The New International Version (used at a couple of churches I attend) is apparently a sentence by sentence translation, the New English Bible a word by word translation, then there are simplified ones like Good New, and paraphrases…

    But none of these rise above the virtue of clarity – none are beautiful – and this is seem especially in the psalms. I’ms sorry to be hardline, but I think it is ‘inexcusable’ to use modern, meaning-based, translations of the psalms – and the psalms have traditionally been the focus of Christian worship.

    English has two inspired renderings of the psalms – the King James (much my own favourite) and Miles Coverdale – which is the Book of Common Prayer. No others should ever be used, except to explain or as a commentary.

    But which Bible translations as a whole are divinely inspired? Well not so many – the King James, obviously; and presumably the Vulgate Latin, the Greek Septuagint.. maybe others. But for an English speaker it should be the King James as primary and the others read as a commentary, gloss or paraphrase.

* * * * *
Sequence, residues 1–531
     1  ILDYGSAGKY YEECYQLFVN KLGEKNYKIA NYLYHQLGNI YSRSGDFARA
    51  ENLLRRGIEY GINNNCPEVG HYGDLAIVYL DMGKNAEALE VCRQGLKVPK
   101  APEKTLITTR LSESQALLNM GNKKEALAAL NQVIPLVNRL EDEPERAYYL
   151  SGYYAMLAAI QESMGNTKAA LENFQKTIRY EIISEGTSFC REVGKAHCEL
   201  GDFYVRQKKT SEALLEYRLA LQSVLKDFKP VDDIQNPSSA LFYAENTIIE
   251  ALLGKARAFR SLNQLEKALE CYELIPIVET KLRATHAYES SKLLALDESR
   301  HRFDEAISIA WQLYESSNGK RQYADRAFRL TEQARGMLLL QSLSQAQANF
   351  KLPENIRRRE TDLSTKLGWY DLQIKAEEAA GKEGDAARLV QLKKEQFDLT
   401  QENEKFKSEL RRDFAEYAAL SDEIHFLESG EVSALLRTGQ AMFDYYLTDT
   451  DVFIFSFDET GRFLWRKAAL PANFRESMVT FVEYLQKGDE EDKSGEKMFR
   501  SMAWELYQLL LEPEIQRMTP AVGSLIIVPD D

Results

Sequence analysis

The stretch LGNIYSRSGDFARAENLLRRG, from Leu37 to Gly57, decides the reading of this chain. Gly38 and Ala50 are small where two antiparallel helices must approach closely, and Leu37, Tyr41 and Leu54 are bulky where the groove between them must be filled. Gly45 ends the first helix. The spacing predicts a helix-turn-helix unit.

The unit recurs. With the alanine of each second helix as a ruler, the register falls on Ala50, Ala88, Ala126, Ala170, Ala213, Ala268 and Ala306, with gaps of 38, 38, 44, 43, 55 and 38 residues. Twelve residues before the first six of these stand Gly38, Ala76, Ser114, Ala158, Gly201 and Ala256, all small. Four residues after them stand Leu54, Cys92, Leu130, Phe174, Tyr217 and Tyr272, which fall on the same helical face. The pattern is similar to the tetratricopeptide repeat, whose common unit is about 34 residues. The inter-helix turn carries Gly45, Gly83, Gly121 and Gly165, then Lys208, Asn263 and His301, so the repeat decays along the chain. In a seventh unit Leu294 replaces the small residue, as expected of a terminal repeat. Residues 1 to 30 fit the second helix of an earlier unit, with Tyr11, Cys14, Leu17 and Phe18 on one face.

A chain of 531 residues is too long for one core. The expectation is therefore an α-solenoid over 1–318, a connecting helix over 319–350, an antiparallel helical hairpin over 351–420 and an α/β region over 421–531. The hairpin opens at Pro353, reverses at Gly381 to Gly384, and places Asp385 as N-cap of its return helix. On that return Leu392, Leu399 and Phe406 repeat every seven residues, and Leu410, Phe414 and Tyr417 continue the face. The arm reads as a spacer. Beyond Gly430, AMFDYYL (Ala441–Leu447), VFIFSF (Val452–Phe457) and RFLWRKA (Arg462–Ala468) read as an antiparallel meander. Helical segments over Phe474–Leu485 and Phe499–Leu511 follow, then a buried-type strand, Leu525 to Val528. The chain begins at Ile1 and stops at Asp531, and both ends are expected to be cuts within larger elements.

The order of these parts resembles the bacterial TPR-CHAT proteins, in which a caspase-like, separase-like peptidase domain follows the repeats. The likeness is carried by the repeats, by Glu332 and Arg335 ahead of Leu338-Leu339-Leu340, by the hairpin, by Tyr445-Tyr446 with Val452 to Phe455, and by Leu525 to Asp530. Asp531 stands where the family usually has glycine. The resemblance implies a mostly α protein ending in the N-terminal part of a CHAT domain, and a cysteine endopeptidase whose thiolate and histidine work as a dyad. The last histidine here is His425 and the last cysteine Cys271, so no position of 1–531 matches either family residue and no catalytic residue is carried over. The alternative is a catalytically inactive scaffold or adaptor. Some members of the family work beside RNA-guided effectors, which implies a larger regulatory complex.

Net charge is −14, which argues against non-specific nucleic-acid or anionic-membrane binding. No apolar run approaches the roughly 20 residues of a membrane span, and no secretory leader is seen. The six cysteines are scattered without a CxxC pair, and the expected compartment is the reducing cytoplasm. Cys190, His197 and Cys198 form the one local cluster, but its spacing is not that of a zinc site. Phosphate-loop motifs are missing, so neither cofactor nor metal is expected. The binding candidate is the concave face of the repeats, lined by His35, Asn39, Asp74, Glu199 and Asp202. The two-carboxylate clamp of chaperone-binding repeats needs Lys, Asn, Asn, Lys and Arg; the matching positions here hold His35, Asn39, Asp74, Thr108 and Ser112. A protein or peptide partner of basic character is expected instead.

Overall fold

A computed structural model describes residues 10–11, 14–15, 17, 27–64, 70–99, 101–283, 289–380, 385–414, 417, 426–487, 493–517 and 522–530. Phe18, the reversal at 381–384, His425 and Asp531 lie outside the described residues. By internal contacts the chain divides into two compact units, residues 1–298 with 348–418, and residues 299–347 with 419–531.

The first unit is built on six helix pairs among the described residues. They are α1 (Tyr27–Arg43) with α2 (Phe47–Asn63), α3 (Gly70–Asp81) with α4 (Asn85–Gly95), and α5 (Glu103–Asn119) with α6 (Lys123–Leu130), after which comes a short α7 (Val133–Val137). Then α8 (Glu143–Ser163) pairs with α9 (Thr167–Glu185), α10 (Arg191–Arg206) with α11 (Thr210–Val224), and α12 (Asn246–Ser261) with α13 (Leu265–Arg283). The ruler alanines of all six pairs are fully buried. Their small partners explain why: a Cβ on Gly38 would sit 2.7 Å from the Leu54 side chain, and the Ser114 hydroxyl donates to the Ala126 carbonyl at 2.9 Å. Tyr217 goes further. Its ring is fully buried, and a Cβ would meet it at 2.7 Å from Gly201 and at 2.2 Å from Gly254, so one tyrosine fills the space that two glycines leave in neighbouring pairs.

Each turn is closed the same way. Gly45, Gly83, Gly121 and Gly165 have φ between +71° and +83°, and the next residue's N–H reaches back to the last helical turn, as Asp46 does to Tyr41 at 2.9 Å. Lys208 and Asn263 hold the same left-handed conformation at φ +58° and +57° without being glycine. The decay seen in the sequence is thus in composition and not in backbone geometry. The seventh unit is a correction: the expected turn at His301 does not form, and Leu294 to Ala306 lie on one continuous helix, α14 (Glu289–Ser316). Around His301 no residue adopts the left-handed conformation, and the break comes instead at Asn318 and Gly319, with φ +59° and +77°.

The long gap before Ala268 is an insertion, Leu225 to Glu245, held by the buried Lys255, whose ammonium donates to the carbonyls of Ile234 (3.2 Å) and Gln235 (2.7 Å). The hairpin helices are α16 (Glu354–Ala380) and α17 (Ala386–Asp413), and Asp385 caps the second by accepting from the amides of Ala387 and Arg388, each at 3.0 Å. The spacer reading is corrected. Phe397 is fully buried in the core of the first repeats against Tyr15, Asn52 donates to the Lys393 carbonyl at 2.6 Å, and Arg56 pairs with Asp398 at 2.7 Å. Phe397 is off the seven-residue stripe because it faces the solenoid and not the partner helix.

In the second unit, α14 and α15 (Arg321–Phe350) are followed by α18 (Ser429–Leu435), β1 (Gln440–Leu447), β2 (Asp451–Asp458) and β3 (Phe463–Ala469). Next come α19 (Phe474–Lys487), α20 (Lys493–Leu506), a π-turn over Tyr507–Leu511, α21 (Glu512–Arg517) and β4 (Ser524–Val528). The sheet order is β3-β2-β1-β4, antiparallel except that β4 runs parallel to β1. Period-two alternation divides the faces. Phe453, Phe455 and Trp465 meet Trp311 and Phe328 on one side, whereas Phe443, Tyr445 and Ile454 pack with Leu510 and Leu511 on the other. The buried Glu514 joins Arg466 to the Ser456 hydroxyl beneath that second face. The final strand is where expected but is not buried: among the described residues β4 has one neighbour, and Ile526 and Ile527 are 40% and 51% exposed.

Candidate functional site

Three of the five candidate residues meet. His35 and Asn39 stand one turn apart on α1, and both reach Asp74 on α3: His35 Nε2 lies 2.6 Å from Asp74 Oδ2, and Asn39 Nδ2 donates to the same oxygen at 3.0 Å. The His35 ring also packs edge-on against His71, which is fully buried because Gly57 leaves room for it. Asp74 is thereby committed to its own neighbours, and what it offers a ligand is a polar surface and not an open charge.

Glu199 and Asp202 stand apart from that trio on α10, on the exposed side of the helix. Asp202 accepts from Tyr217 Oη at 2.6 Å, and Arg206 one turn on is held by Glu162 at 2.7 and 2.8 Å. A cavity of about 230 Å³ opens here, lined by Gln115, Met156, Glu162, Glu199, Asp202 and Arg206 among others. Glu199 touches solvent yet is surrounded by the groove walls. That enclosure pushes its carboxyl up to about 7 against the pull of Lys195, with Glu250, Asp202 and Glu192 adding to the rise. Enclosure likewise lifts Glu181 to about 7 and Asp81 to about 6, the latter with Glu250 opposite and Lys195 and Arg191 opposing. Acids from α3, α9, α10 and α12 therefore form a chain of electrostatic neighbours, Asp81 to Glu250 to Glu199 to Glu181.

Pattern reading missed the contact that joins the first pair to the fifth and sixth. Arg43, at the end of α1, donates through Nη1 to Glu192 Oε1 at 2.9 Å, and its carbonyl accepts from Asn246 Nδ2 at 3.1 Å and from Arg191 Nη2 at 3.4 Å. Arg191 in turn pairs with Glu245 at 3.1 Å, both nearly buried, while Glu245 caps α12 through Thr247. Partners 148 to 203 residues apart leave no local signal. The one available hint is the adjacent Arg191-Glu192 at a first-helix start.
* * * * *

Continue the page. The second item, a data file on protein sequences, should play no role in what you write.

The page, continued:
Because unless scripture is divinely inspired what you have is not scripture, but a book *about* scripture – maybe useful, maybe grossly distorted, but anyway not the same thing at all.

    *

    Of course, one attitude is that the message will get through somehow, and in an ultimate sense this is probably true (if a person is sufficiently advanced in holiness) – but that attitude is not compatible with the endless proliferation of Biblical scholarships and more and more ‘improved’ translations.

    Either the specific version of scripture is important and we should try to use the most inspired, or it is not important and we should be utterly indifferent to the matter, and to scholarship – but I can’t see where you could draw a line with this latter attitude.